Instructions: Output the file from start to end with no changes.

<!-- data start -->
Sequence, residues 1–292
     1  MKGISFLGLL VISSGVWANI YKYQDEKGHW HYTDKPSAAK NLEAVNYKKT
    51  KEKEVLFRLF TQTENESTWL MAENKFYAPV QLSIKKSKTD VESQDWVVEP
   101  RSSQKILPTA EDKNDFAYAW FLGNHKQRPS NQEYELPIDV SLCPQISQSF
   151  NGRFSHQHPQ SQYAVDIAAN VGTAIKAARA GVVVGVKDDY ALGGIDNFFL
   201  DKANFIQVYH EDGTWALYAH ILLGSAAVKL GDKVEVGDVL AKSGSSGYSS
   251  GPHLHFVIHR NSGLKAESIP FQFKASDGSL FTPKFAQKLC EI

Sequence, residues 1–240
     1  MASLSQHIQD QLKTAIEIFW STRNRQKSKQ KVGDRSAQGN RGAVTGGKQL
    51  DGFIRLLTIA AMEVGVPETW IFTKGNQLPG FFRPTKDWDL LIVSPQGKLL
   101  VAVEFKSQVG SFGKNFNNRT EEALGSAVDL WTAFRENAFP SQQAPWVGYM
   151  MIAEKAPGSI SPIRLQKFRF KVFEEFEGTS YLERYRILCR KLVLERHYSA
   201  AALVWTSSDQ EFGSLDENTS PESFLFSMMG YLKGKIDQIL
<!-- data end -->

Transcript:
Sequence, residues 1–292
     1  MKGISFLGLL VISSGVWANI YKYQDEKGHW HYTDKPSAAK NLEAVNYKKT
    51  KEKEVLFRLF TQTENESTWL MAENKFYAPV QLSIKKSKTD VESQDWVVEP
   101  RSSQKILPTA EDKNDFAYAW FLGNHKQRPS NQEYELPIDV SLCPQISQSF
   151  NGRFSHQHPQ SQYAVDIAAN VGTAIKAARA GVVVGVKDDY ALGGIDNFFL
   201  DKANFIQVYH EDGTWALYAH ILLGSAAVKL GDKVEVGDVL AKSGSSGYSS
   251  GPHLHFVIHR NSGLKAESIP FQFKASDGSL FTPKFAQKLC EI

Sequence, residues 1–240
     1  MASLSQHIQD QLKTAIEIFW STRNRQKSKQ KVGDRSAQGN RGAVTGGKQL
    51  DGFIRLLTIA AMEVGVPETW IFTKGNQLPG FFRPTKDWDL LIVSPQGKLL
   101  VAVEFKSQVG SFGKNFNNRT EEALGSAVDL WTAFRENAFP SQQAPWVGYM
   151  MIAEKAPGSI SPIRLQKFRF KVFEEFEGTS YLERYRILCR KLVLERHYSA
   201  AALVWTSSDQ EFGSLDENTS PESFLFSMMG YLKGKIDQIL